There are so many products on the market and as many opinions on which is the best as there are boaters it would seem. My choice was based on a bit of the product I was given by local boat yard, SeaView North which is where my boat goes when it needs work on the bottom, repainting, etc. I used a bit of the 3M Marine Cleaner & Wax and was astonished at the ease of use and finish quality the product produced on the boat. The down side is that it is expensive.
     SeaView North is my boatyard of choice when I pull the boat every couple of years. They have excellent workers and often have deals that help lower the price of pulling it out or on a paint package. Anyway, I've been impressed by their work so I keep going back.
SeaView North's TravelLift 
     The process of taking a big boat out of the water is unnerving but interesting to watch. SeaView has two TravelLifts that literally lift or "haul out" the boat and set it on "the hard" which is the term for setting the boat on the ground. It doesn't actually ever
Boat on blocks
touch the ground. It is set up on blocks.

     This next weekend will be the date to begin the waxing project provided the weather cooperates which is any one's guess this time of year.

King-sized bed on a Bayliner 32
    In the meantime, last weekend we managed to pull off a great dock tail party with probably 15-20 people stopping by. We had a great spread of appies and plenty to drink. Everyone wanted to sit out in the sunshine which worked pretty well until the sun got lower in the sky and forced us inside. The party was done by around 9 and after cleaning up we headed off to bed.
Master Stateroom's lockers & sink
    Bed on the Key of Sea is a king-sized bed, not a commonly found item on most boats of any size but certainly not in ones in the length of our boat. It is a remarkable use of space not found on any other boat our size that I am aware of. The trade off is its location and the feeling of claustrophobia it gives some folks. The Master's Stateroom, as it is called, is located beneath the salon. A three step ladder leads down to the stateroom where there is enough space to stand and dress. Clothing lockers and drawers are located next to the bed along with a sink and locker behind a large mirror where we keep personal items. To get into the bed you have to bend over and sort of crawl in. I actually roll over into m corner of the space since Leslie likes to sleep next to the exit. I love the coziness of my little corner.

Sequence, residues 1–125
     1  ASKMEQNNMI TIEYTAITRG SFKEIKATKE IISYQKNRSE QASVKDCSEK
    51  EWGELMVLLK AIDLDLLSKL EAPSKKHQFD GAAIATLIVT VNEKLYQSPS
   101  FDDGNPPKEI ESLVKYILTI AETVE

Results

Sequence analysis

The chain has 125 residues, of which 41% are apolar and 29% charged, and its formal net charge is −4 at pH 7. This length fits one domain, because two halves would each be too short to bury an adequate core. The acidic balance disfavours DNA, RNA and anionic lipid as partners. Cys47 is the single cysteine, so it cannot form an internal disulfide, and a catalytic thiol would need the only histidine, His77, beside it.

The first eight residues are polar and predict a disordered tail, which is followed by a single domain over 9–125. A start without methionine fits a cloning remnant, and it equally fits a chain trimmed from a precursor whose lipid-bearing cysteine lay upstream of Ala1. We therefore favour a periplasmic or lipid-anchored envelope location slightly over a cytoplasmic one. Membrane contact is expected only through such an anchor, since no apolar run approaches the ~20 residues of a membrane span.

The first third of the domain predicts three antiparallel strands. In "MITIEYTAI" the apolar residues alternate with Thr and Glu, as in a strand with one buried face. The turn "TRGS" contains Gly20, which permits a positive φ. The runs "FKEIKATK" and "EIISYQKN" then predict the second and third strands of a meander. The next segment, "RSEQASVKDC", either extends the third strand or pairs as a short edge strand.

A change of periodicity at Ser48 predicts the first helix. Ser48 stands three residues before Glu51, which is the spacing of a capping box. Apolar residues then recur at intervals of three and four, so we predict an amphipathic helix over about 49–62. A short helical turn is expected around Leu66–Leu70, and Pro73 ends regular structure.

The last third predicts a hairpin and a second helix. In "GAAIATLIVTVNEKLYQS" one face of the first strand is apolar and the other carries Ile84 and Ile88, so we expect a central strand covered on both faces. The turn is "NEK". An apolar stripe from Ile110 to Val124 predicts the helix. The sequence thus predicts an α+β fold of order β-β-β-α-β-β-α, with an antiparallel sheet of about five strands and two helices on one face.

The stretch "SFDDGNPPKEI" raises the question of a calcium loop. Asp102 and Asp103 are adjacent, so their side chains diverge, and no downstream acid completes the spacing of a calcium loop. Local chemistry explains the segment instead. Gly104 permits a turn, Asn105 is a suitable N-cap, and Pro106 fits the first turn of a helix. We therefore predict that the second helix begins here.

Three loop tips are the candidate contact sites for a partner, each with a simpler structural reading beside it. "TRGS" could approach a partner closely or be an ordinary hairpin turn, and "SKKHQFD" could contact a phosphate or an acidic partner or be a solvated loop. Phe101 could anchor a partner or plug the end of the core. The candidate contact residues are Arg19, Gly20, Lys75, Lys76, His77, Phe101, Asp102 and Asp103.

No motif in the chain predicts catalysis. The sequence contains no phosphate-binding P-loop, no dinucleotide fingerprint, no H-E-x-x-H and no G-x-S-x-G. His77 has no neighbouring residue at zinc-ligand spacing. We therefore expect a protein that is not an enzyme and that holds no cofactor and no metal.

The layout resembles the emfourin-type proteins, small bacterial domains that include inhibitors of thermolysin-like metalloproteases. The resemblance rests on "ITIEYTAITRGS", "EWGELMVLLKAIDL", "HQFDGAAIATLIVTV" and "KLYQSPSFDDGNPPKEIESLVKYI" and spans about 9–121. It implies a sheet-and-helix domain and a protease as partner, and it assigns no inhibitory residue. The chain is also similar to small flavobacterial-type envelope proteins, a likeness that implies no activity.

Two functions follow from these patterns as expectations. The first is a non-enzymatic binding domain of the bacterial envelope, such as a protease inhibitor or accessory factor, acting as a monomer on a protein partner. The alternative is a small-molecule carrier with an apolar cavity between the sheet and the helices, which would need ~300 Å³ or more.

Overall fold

You can sit up at the head end of the bed quite easily and read. Two port lights can be opened just above your head for fresh air and their is a large window to the stern end of the room that slides open for even more fresh air. The bed space is the opposite form of the salon above so your knees have less space and your feet only about 18-24 inches. Quite cozy. Too cozy for some folks. We have friends who chose not to purchase the 32 Bayliner due to the claustrophobic feeling they got when down below.
Web Locker
     We've added 2-inches of memory foam to our bed which has made it very comfortable indeed.
     The rest of our weekend was comfy, cozy. Naps, a walk down to the Web Locker for breakfast, reading and puttering. 
     Sunday afternoon we decided to head home. So, after cleaning up one last time and loading up the dock cart, we headed up the ramp to load the car. A shower at home and back in our own bed felt great. We finished the weekend with the newest episodes of Call The Midwife and Home Fires before heading off to bed.

Wednesday, April 19, 2017

Easter With Evie

Easter morning with Evie was anything but a sure thing. She had been feeling sick for several days, throwing up, not eating and a general malaise.

We drove down to Seattle anyway because, well, we just miss opportunities to go see her and her mommy and daddy.

After stopping at a couple of boating stores, we headed over to the house about 3:00. Evie and her parents were all taking naps so we let ourselves in and sat, quietly waiting for them to stir.

Evie is always slow to wake up. She needs some quiet time to shake off sleep. She's also been a little shy around us when we first arrive the last few times. I always wonder what she must think happens to us when we go away and then reappear every few weeks.

Her mom and dad decided to go out to dinner that night so we took care of Evie. By the time they left, Evie was fine and waved bye to them happily. We had a great time playing before it was bedtime. She went down easily, being very tired.

But in the middle of the night she began to cry. We figured her mom and dad would come down and take care of her, but as time went on no one came downstairs. We finally went into her room when we heard her say, Clean UP! We gathered her up to find her covered in vomit and very unhappy. We comforted her and got her into new jammies. I stripped her bed and remade it. We had also gone upstairs and knocked on mom and dad's door to wake them. Turns out the baby monitor had pooped out and they didn't hear all the commotion downstairs. They got Evie settled down only to have her throw up again. It was a long night for all of us.